Monroe business mural made from nostalgia

Whitfield's Auto Licensing painting captures family history

Kelly Sullivan

Chuck Whitfield said the mural now on display at his family's Monroe business is the product of a bout of nostalgia.

The 17-foot-long, roughly 7-foot-high painting covers the wall from floor to ceiling behind the counter at Whitfield's Auto Licensing. The artwork depicts a familiar scene from the area's history. Whitfield's grandfather, Lawrence Whitfield Sr., stands on a felled tree with two other men in front of Mt. Index and a massive Siler Logging Company gas-powered shovel — the first in the Northwest.

Local artist David Hose was commissioned to create the piece. It took about seven weeks to finalize the concept, which is an amalgamation of two historic family photographs, Whitfield said. One image was taken by renowned regional logging photographer Darius Kinsey.

“We wanted to show the roots of our family back into logging,” Whitfield said.

The generations of Whitfield men and women provide an outline of the industry’s prevalence during the different eras in Monroe's history. Hose said he has completed a handful of murals that capture those scenes from Snohomish throughout the Sky Valley. He said he is always pursuing opportunities to recreate the area's past.

“Yes indeed, they are history or they are depicting history. I have the freedom to really put my heart into it — I put my heart into doing them,” Hose said. “It is important to recognize a historical town and the accomplishments of the people that have lived and died in this area. It just has more substance for me than, let's say, doing a mural of fictitious characters doing abstract things.”

Larry Whitfield, who still manages the business with his son, said his family moved to the area in 1933. His father had worked in the logging industry since he was 14 years old.

“I came to very much appreciate his (Whitfield's) grandfather, Lawrence Whitfield, and just the hard working history of this area,” Hose said. “Particularly the logging industry...the loggers were rough and tumble guys. Quite a few of them had a few injuries in their lives, and there were those who didn't survive logging — they had fatal accidents sometimes.”

After logging, Lawrence Sr. became a funeral home director at Purdy and Whitfield Funeral Home, which is now Purdy and Kerr with Dawson Funeral Home, Larry said. When Lawrence Sr. and Marion married, the matriarch insisted Larry's father “had to get out of the woods.”

However, he still made regular trips into the wilderness. For almost 40 years, Larry said he and his mother and his brothers were fed with nearly the 1,000 pounds in moose meat Lawrence Sr. would bring back from his annual trip to British Columbia.

One of Lawrence Sr.'s kills, Pete the moose, is still around. The animal was bagged in 1948, the same year Lawrence Sr. started in the real estate industry. The stuffed head is mounted on the wall next to the mural. Larry recalls retiring the taxidermy at one point, but the moose was fixed up and brought back out.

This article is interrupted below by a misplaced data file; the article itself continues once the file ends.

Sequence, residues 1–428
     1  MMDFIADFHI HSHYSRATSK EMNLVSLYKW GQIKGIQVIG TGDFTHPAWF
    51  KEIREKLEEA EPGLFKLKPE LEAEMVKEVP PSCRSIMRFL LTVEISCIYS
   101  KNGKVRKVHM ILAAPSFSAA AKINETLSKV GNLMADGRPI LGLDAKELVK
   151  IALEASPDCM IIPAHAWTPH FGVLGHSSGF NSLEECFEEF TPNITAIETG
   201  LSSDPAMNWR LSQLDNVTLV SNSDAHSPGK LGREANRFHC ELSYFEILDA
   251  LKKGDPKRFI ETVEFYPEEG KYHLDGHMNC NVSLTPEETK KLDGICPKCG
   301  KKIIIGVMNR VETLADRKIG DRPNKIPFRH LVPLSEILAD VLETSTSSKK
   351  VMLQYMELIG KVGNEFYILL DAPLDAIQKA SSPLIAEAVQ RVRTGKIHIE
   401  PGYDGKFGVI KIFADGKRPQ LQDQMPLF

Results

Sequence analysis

“We've always had Pete the moose,” Whitfield said smiling.

Lawrence Sr. also worked in the insurance industry, then licensing, Whitfield said. His son and grandson both became partners in the family businesses. Over the years the different generations have acquired about 20 different agencies in the area. Lawrence Sr. came into the office until his mid-90s, he said.

The generations have also been active in local politics and community service. Lawrence Sr. was a member of the local Kiwanis Club of Monroe for 60 years, Larry was a member of the local Monroe Lions Club for about 40 years, and Whitfield was a founding member of the Rotary Club of Monroe. Lawrence Sr. served on the Monroe City Council for many years, Larry was a longtime member of the Monroe School Board and Whitfield was on a member of Future Farmers of America for four years.

“So we've been right in the middle of everything,” Larry said.

Whitfield said he and his father and grandfather saw so much of the community's transformation over the years. Larry raised his family on a 40-acre cattle farm, a lifestyle that has become less common in the area. Many new families moving in aren't aware of Monroe's diverse history. The mural will help preserve that information, and make connections between the family's many generations, he said.

Although many people have already seen the mural, the official unveiling will be held from 6-8 p.m. Thursday, May 25, at Whitfield's Licensing, Whitfield said. Mayor Geoffrey Thomas will cut the ribbon. Photographs from the Monroe Historical Society will also be on display, he said.

As Whitfield explained the history of the new mural, he would occasionally pick up a stack of old, laminated photos and flip through them. He wrapped up the narrative with a brief remark.

“So, I got nostalgic and had a mural (made),” Whitfield said. 

Photos by Kelly Sullivan: Whitfield's Auto Licensing partners Larry, left, and Chuck Whitfield stand in front of the mural they commissioned by local artist David Hose on Thursday, May 18, at the Monroe family business. Whitfield's Auto Licensing partner Chuck Whitfield holds up a photo of his grandfather, Lawrence Whitfield Sr., in front of the mural he commissioned by local artist David Hose that is now on display at the family business.


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